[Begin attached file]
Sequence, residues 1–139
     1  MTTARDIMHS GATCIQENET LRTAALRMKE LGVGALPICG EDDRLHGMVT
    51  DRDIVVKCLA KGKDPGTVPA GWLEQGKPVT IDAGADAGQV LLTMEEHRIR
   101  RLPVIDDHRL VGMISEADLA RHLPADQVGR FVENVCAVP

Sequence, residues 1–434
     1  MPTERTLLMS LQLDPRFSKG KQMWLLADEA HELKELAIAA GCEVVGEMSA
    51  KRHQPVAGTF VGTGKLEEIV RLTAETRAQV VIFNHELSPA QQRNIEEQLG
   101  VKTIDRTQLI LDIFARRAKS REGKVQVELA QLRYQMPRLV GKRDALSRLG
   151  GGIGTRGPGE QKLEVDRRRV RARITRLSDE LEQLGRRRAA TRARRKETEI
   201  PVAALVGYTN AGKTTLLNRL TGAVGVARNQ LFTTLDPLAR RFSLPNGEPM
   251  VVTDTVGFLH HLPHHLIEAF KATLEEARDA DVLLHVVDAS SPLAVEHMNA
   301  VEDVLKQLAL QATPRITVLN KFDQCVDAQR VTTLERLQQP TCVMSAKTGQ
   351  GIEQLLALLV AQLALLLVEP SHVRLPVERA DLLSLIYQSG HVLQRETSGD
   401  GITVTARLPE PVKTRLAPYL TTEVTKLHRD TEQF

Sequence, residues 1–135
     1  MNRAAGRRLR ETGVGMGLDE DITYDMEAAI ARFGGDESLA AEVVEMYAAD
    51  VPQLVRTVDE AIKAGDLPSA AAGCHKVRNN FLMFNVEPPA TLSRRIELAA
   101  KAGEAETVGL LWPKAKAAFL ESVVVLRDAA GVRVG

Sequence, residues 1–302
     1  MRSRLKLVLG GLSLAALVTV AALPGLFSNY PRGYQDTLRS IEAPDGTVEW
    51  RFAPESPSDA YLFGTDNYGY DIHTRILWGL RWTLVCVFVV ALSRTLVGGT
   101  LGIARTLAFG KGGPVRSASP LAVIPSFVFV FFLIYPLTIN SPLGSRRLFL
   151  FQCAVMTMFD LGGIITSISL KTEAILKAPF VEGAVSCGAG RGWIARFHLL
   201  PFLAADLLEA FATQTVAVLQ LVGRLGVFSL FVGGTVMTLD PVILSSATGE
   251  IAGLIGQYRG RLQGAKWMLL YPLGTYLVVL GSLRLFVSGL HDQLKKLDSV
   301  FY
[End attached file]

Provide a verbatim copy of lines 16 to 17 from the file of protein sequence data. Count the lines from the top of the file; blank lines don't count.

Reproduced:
     1  MNRAAGRRLR ETGVGMGLDE DITYDMEAAI ARFGGDESLA AEVVEMYAAD
    51  VPQLVRTVDE AIKAGDLPSA AAGCHKVRNN FLMFNVEPPA TLSRRIELAA